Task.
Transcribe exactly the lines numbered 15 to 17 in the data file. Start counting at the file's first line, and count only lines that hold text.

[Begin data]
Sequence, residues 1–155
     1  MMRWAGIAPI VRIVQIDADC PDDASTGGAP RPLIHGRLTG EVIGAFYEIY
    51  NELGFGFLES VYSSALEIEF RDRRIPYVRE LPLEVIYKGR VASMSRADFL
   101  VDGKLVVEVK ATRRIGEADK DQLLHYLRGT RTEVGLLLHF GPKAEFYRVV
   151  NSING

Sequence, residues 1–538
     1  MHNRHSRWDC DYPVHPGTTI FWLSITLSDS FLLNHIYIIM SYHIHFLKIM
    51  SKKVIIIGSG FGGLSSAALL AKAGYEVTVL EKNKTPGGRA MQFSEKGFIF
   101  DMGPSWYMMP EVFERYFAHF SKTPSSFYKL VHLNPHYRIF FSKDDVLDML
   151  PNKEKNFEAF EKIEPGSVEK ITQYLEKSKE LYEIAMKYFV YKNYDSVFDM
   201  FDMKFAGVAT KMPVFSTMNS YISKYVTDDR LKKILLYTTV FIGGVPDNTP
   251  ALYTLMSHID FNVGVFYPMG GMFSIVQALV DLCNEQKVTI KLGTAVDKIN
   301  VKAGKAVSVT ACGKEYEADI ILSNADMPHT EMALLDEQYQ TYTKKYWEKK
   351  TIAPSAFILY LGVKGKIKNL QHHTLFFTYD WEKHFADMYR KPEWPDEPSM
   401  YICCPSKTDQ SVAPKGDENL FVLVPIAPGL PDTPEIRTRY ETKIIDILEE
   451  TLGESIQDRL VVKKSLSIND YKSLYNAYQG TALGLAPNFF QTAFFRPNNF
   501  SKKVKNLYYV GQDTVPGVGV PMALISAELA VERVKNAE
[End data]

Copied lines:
   401  YICCPSKTDQ SVAPKGDENL FVLVPIAPGL PDTPEIRTRY ETKIIDILEE
   451  TLGESIQDRL VVKKSLSIND YKSLYNAYQG TALGLAPNFF QTAFFRPNNF
   501  SKKVKNLYYV GQDTVPGVGV PMALISAELA VERVKNAE